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Billboard worker dies when metal ladder contacts 7200 volt power line in Kentucky.

Morgantown, WV: U.S. Department of Health and Human Services, Public Health Service, Centers for Disease Control, National Institute for Occupational Safety and Health, FACE 85-21, 1985 Jun; :1-5
A case study of a fatality resulting from a metal ladder in contact with a 7,200 Volt (V) power line was examined. A 28 year old male billboard worker proceeded to his first work site to post three billboards, one of which had to be scraped. The 12 by 24 foot billboard was mounted on telephone poles 4 feet above the ground surface and was set back from the road approximately 12 feet. Evidence at the accident site indicated that the victim had begun to remove the outdated poster from the lower left portion of the billboard. The victim had scraped that portion of the billboard that could be reached from the 14 foot ladder and then moved the ladder to the right portion of the billboard. The victim then removed a 24 foot hook ladder from the truck and was in the process of positioning the ladder to assist in scraping the upper left portion of the billboard when the ladder contacted a 7,200V overhead power line located approximately 8 feet above the top left side of the billboard. Contact between the 24 foot hook ladder and the 7,200V power line resulted in the electrocution of the billboard worker. Two passing motorists witnessed the accident, summoned help, and administered cardiopulmonary resuscitation. The victim was flown by helicopter to a local hospital where he was pronounced dead on arrival. The authors conclude that employers should identify all safety hazards at the work site, provide proper equipment to perform all job related tasks, and should develop written safe job procedures that are task specific.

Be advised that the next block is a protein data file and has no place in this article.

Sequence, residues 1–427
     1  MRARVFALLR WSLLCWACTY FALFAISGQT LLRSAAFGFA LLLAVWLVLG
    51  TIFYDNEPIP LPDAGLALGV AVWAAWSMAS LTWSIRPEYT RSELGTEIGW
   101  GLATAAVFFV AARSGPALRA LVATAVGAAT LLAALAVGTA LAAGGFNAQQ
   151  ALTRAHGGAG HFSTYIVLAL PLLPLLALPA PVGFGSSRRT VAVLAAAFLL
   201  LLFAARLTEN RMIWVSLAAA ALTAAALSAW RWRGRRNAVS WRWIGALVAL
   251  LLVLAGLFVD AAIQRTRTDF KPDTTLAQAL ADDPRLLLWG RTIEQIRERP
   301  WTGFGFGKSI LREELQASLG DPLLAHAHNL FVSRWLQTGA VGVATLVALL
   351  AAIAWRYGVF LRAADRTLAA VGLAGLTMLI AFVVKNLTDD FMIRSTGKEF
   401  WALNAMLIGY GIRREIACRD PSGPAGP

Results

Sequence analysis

NIOSH-Author; Construction-industry; Industrial-engineering; Safety-measures; Safety-equipment; Hazardous-materials; Workplace-studies; Industrial-hazards; Safety-monitoring; Industrial-exposures; Occupational-hazards; Region-4; FACE-85-21
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Field Studies; Fatality Assessment and Control Evaluation
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National Institute for Occupational Safety and Health
Page last reviewed: May 11, 2023
Content source: National Institute for Occupational Safety and Health Education and Information Division